Foreign Policy Blogs

Surviving the Commute in Bogota and Caracas

A recent New York Times article rightfully praised the bus rapid transit system now widely used in Bogotá. Known as Transmilenio, it has been credited in part for the transformation of the Colombian capital, which has become increasingly organized and safe during the past decade. It is estimated that 7,000 fewer buses are now on the streets, reducing exhaust and smog – although having grown up breathing the fresh air of rural western Massachusetts, I often could not tell the difference when I lived there.


Caracans are likewise proud of their metro system, launched in 1983 and now undergoing significant expansion. Interestingly, while crime has surged throughout the Venezuelan capital during the past decade, making driving seem like a live version of Grand Theft Auto, the subway is still considered quite safe. It is heavily used, clean, and generally efficient. Commuters, however, must be prepared to jostle for space and cram into the cars at rush hour. Upon exiting recently I found myself face to face with a swarm of commuters trying to enter. It was me-against-them, and as one man pushed his way onboard we squared off eye to eye and pushed forward as if two football linemen.


Despite these extensive public transportation systems, the majority of Bogotanos and Caraquenos travel to work by other means. Each city has its fleet of smaller busses, known respectively as “colectivos” o “carritos.” The residents of Bogotá generally seem more open and friendly to foreigners but they appear to have more reckless bus drivers. With the chance of being run over as a pedestrian probably about equal in the two cities, it seems that the hurried Colombian conductors think that they are competing at the Indy 500. Perhaps it is the capitalist spirit – “time is money” – revealing itself in a way that does not exist in Venezuela?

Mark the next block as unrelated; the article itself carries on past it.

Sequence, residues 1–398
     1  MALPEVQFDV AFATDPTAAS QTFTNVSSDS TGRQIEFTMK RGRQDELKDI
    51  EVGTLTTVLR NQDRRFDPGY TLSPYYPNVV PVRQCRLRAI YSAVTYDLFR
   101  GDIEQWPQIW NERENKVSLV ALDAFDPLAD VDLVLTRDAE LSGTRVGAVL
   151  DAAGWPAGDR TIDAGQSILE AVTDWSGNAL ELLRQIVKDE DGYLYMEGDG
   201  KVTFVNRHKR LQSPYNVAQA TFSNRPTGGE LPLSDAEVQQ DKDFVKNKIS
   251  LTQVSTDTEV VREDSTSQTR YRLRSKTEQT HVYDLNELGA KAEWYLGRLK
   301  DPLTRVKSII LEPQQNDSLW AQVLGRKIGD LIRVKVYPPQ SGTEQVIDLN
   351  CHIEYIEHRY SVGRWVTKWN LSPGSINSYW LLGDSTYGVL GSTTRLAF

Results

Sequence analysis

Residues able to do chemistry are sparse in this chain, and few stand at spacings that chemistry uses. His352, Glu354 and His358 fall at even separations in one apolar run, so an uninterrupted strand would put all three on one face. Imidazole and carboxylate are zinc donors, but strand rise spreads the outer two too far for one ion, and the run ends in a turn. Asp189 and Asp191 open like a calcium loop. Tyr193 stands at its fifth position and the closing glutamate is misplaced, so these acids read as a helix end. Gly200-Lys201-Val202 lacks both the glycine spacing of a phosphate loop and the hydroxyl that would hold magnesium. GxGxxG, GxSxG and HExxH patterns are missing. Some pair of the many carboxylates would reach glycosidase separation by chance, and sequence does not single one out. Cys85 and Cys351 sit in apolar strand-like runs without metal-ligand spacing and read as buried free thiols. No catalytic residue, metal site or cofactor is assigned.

The capitals each suffer from enormous traffic jams due to the greater number of cars on a limited amount of roadway. In Colombia increased access to credit has made passenger vehicles more affordable. In Venezuela, low gas prices and – until the current global economic crisis – high-consumer demand mean that the streets are not only filled with fuel-guzzling SUVs, but also 1970s clunkers that would not be allowed anywhere near pavement in the United States.


Over recent years, commute times have risen steadily and significantly in both cities. Bogotá has highways of five lanes or more but a friend told me she sometimes needs an hour and a half to travel the 10 kilometers to her office. And as a colleague in Caracas explained, whereas he once could depart his house at 7 am, with each passing year he has to head out earlier and earlier in the morning. He now leaves home at 4:50 am in order to arrive at his office by 8 am. These commutes of over three hours are not unheard of for distances as short as 20 miles. An interesting Economist article further describes the subject.



David D. Sussman

David D. Sussman is currently a PhD Candidate at the Fletcher School of Law and Diplomacy (Tufts University), in Boston, Massachusetts. Serving as a fellow at the Feinstein International Center, he was awarded a Fulbright Scholarship to study the lives of Colombian refugees and economic migrants in Caracas, Venezuela. David has worked on a variety of migrant issues that include the health of displaced persons, domestic resettlement of refugees, and structured labor-migration programs. He holds a Masters in International Relations from the Fletcher School, where he studied the integration of Somali and Salvadoran immigrants. David has a B.A. from Dartmouth College and is fluent in Spanish. He has lived in Colombia, Honduras, Nicaragua, Mexico and Venezuela, and also traveled throughout Latin America. In his free time David enjoys reading up on international news, playing soccer, cooking arepas, and dancing salsa casino. Areas of Focus: Latin America; Migration; Venezuela.